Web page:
A U.S. Army Medical Department Activity Bavaria logistician was recently named the 2017 Army Medicine Health Service Maintenance Technician of the Year.

As a Health Services Medical Technician, Chief Warrant Officer Richard Hendricks oversees the purchasing and accountability of medical equipment in the MEDDAC-Bavaria footprint and the Soldiers who keep it all operational.

Hendricks said he did not expect the recognition and attributes his success to his team.

"This is a great achievement -- it is very humbling," Hendricks said. "But I would not have received this award without the phenomenal team I have behind me here. Our logistics team is always looking for better ways to operate. They work day in and day out to make sure that our customers and our patients are taken care of."

In his nomination, Col. Mark Swofford, MEDDACB commander, said Hendricks "is the epitome of a leader and an expert logistician who always gets exceptional results."

Hendricks joined the Army as a 68A, or maintenance technician, and within six years had made it to the rank of staff sergeant before being selected for warrant officer school.

He said that a love for the field and a desire to influence change and improve the field drove him to pursue becoming a warrant officer.

"I love the job field and the very technical aspect of it," Hendricks said. "I really enjoy pulling pieces of equipment apart, seeing how they work, trying to get them to work better and really how we impact patient care and make sure the equipment is safe for patient use."

Every piece of equipment that touches a patient has to be looked at by a team like Hendricks'. The equipment has to be calibrated, undergo regular routine maintenance and if a piece of equipment goes down, it has to be repaired as quickly as possible to in order to ensure minimal disruption to patient care.

Swofford said Hendricks and his team routinely lead Army Medicine in accomplishing this mission.

"His leadership and expert management of the MEDDAC-Bavaria medical maintenance team resulted in unparalleled medical maintenance support to all of the medical and dental clinics in southeastern Germany," Swofford said. "Despite having to cover clinics in five geographically-separated communities, his team achieved and maintained a 100 percent completion rate for inspections, preventive maintenance, calibrations and scheduled parts repairs."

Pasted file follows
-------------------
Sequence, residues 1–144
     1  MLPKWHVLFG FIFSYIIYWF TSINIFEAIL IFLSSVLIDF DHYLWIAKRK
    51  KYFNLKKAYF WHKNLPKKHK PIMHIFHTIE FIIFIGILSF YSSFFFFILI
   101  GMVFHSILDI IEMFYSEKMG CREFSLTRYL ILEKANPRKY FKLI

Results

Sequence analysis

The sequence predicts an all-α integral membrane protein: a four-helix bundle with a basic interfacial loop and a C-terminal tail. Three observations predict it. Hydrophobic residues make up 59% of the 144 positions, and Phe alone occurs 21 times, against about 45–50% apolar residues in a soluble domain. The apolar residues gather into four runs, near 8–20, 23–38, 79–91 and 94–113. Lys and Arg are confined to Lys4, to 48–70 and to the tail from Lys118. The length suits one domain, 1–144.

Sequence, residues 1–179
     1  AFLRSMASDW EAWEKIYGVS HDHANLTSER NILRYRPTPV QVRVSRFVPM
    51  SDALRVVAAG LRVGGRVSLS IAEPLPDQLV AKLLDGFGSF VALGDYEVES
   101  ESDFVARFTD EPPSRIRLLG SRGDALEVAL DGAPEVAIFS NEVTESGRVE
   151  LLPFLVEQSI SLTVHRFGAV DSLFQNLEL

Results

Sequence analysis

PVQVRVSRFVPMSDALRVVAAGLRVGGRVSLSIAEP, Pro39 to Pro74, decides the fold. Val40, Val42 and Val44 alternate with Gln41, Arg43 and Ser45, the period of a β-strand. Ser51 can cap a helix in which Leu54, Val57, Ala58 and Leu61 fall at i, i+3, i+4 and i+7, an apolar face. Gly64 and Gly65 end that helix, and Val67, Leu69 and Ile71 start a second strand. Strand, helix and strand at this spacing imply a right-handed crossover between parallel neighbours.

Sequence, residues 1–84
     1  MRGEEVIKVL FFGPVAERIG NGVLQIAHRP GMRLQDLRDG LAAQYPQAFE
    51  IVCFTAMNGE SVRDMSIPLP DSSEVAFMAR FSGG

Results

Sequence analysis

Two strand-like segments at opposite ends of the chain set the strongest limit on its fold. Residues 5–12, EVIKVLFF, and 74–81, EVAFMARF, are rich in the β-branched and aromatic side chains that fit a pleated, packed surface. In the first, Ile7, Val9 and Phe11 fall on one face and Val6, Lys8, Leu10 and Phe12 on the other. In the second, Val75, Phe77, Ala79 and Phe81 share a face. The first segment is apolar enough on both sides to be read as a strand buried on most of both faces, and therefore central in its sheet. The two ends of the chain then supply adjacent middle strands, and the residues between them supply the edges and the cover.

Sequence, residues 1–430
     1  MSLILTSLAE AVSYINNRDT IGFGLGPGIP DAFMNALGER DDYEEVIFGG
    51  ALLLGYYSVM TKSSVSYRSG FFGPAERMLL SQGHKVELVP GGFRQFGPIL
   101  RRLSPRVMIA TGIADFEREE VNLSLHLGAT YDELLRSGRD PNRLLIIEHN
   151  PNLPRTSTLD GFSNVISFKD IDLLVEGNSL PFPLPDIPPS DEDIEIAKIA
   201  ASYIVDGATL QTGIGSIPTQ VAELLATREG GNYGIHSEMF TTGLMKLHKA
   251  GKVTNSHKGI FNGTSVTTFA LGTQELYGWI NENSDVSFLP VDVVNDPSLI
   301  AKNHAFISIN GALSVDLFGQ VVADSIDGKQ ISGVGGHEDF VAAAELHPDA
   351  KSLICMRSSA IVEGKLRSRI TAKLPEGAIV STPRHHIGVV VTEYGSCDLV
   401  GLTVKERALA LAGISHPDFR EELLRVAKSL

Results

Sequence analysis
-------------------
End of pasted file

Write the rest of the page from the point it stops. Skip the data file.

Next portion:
And while Hendricks enjoys all aspects of the medical maintenance career field, he said he really enjoys seeing big projects coming together. He particularly enjoys projects like "seeing a building go from a shell to a fully equipped building and patients being seen," he said.

This is something that Swofford says Hendricks excels at doing.

"During the past year, CW2 Hendricks has been instrumental to MEDDAC Bavaria," Swofford said. "Completing multiple facility upgrades, completing initial outfitting and operations of two military construction projects for the Ansbach and Vilseck Garrisons totaling over $60 million, and establishing two operational medicine clinics in Bulgaria and Romania to support rotational NATO forces."

Hendricks believes that his time as an enlisted medical technician contributes to his success in his current position.

"As a warrant officer, you really need to understand the complexities of what the technicians do, how they do it and how to help them," he said. "I think it has really helped me because some of the situations my Soldiers have run into I ran into as a tech. I can help answer those questions or I can mentor them on how to find the solution without giving them the answer -- so they can learn from that and become a better Soldier and leader."

Warrant officers are Soldiers who are specialized in a technical area. They make up less than three percent of the total Army. In order to become a technical warrant office, like Hendricks, a Soldier must have completed military occupational specialty training and have a documented proficiency in that specialty area, among other general requirements.